Kelly Roberti and the essence of jazz

If you had happened to walk into Plonk Wine Bar this past Saturday, you would have been hit first with a deep rumble. In the midst of wine glasses clinking gently, people chattering about nothing and waiters flitting from table to table, the room vibrated with a bottomless melody. Standing near the doorway, you wouldn’t be able to see the source, but chances are, you’d know the sound — a bass.

The bass in question was in the hands of Kelly Roberti. If you have been paying any attention to local music in the past 15 years, you probably have heard the name go by. If you’re lucky, you’ve managed to hear that bass live. If you’re smart, you’ve heard it more than once. But to say “local music” is to mislead slightly — Roberti is by no means a simple hometown bassist. He has played with everyone from Sonny Rollins to Ray Brown to Tommy Flanagan. The Los Angeles Times even called him “the heir apparent to Charles Mingus.” Roberti’s career has been long, varied and extremely prolific.

On meeting him, though, one doesn’t immediately see the image of the consummate jazz musician — no three-piece suit, no cigarette dangling from the lips. He has a friendly smile, a firm handshake and a quiet confidence to his demeanor. He speaks softly, and listens intently when you speak. He is a chef and a poet and overall, he seems to live simply, happily and quietly. But when the subject turns to jazz, his eyes light up. He reminisces about the old days, playing gigs 250 nights a year, being constantly on the road, feeling the raw energy of music. He laments the current state of jazz, and you realize he is from a very different era. “We never had sheet music,” he explains. “You learned the song by playing all those shows, and it got inside you.”

If you aren’t an avid jazz fan, the names of Roberti’s musical partners may not impress you. But what impresses anyone is watching him play — it is a visual performance as well as an auditory one. He feels the music with the entirety of his body, his eyes closed and his fingers flying. The phoenix tattooed on his left hand seems to soar over the bass neck. Pianist Keith Jarrett is famous for vocalizing during performances, and Roberti does the same thing — he calls it “letting the music come tumbling forward.” He throws his head back, eyes clenched as if in pain, then leans forward and embraces the bass, his lips humming the same melody that’s singing out of the wood.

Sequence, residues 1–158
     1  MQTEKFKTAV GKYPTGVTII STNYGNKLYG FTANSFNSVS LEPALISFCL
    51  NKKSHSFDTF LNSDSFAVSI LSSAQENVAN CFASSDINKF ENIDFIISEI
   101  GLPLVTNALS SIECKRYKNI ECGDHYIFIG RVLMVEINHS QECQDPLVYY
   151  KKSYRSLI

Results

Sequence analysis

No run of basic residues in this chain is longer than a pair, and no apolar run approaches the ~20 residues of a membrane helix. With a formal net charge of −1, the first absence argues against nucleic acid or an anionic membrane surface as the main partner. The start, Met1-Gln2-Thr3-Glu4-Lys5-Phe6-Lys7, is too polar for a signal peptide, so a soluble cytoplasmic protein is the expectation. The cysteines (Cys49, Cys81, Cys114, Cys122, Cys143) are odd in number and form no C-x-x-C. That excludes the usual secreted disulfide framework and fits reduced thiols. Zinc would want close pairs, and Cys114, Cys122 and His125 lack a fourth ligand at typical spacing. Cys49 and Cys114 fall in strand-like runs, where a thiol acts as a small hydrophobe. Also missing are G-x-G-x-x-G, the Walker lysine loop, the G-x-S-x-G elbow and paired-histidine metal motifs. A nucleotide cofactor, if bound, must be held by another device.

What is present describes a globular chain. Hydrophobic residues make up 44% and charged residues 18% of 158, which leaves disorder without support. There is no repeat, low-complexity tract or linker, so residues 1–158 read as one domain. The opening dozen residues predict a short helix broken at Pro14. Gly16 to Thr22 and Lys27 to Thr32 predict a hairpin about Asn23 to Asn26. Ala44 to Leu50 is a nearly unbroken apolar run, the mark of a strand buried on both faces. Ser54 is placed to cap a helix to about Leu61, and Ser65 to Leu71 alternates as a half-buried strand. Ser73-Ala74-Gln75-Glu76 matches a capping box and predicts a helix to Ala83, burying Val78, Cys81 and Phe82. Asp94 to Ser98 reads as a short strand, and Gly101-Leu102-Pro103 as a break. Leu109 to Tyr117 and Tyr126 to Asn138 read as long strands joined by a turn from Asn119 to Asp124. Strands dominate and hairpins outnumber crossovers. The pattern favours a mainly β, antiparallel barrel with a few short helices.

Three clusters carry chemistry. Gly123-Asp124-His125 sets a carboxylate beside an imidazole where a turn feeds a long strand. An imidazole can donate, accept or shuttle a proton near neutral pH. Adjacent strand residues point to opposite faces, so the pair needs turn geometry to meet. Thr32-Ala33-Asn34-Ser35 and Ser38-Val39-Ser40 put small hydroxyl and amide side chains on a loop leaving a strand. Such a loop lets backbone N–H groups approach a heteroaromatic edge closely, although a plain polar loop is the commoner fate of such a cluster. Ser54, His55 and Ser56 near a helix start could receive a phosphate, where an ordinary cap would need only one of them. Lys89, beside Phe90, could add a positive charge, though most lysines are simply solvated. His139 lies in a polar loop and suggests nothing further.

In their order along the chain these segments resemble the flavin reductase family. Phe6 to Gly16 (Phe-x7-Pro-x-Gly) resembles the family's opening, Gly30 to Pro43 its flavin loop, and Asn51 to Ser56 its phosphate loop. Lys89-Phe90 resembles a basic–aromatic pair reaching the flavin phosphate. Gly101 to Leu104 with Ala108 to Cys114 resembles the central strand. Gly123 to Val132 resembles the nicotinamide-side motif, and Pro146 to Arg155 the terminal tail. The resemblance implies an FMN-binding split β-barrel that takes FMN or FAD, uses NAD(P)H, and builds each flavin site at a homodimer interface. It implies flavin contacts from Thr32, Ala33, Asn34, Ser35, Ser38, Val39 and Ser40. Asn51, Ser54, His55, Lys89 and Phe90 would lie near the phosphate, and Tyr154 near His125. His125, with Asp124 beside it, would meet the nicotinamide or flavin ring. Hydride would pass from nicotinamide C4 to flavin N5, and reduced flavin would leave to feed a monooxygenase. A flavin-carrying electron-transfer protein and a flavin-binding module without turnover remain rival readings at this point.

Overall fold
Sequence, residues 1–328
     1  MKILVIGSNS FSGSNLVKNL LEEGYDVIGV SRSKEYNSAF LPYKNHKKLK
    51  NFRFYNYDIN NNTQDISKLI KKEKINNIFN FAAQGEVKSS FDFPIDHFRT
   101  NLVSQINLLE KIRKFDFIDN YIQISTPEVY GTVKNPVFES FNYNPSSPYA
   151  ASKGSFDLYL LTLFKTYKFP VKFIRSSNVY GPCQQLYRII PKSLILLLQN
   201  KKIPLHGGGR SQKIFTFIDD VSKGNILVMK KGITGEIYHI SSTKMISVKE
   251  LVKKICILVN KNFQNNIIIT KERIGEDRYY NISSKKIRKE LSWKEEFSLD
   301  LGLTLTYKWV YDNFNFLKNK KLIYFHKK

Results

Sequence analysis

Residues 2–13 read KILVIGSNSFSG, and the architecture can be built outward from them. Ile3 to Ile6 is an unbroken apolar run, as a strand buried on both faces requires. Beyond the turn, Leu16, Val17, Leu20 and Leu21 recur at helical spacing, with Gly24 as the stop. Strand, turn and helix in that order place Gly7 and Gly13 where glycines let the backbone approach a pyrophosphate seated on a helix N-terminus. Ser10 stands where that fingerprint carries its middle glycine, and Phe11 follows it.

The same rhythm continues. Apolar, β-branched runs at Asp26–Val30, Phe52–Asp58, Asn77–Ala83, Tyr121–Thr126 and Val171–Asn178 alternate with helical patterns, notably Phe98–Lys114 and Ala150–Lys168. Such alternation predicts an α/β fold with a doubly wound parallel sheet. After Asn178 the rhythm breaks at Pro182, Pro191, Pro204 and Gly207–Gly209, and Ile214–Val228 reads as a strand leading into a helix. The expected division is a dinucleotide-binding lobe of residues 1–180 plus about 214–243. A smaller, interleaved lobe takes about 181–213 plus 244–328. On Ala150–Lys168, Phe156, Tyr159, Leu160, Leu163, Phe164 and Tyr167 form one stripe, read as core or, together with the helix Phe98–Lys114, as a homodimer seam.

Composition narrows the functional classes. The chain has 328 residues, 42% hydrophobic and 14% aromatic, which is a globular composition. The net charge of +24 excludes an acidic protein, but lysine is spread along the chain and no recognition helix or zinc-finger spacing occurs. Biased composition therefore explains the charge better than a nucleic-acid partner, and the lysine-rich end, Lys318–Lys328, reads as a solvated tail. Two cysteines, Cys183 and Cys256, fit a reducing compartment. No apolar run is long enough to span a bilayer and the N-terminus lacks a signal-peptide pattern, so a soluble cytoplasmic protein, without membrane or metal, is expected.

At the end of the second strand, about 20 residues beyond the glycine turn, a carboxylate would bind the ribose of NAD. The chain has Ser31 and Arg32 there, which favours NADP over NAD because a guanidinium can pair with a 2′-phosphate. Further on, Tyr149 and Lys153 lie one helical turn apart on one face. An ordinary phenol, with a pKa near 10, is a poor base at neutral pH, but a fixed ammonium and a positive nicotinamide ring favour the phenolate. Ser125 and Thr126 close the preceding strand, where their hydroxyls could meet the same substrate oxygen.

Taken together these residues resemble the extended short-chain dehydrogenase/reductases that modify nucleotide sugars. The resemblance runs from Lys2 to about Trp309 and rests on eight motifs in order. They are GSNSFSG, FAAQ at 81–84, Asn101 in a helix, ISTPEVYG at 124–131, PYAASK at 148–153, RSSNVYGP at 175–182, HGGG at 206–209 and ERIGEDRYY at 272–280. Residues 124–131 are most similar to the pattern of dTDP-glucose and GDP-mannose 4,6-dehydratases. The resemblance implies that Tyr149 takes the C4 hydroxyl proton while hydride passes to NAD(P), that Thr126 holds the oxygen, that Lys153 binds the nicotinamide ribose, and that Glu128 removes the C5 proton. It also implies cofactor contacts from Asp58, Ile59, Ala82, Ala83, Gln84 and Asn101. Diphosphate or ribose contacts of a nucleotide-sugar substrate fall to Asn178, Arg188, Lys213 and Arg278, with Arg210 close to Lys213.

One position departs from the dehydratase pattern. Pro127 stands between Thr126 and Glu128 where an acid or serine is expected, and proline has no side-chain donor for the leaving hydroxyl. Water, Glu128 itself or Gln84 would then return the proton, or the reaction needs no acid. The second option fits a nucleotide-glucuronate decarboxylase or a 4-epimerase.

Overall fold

Eric Funk, a MSU professor and composer, described Roberti’s music as “immediately honest … I never have to guess what he’s thinking or feeling. He plays directly from his heart, mind and soul. He’s technically limitless and always expressively capable,” he says. Listening to Roberti’s recordings, one certainly does get that feeling. The music is spontaneous, changeable, deep and vital. Funk puts it more eloquently: “He’s like life itself. Sometimes broken, sometimes harsh, sometimes joyous, sometimes hurt. He mirrors his experience and the experiences of others.”

Life itself can be tough; Roberti was diagnosed in July with lung cancer. The concert at Plonk was a community fundraiser for his treatment. Cancer is a destructive disease — chronic and vicious, it tears lives apart like the organs it infects. But Roberti is not afraid of the future. He says he is still “plotting a course” to carry him through, and plans to live as much as possible. Nor has the disease taken a hold of the music. “Playing makes me feel good,” he explained. “You can get lost in the music, find your center and forget all the bull—- that goes with this disease.” Then he laughed and said, “Tell those people not to smoke. I didn’t want to be Yul Brynner,” a reference to the famous actor, who died of lung cancer in 1985.

“Support local music,” he said later, his voice emphatic, addressing the public. “We have such great music here, and people need to understand how hard these people work to get to that level. Go out and hear live music, especially jazz; buy CDs!”

By the time I ducked out of Plonk, there had been no stop in the steady flow of business and food. People still filled the narrow bar and the buzz of humanity had not quieted in the least. But over all the chatter, the bass still thrummed — raw, elemental, occasionally painful and heart-achingly beautiful. The street was dark, but even outside, you could still hear the sound of music, low and strong against the night.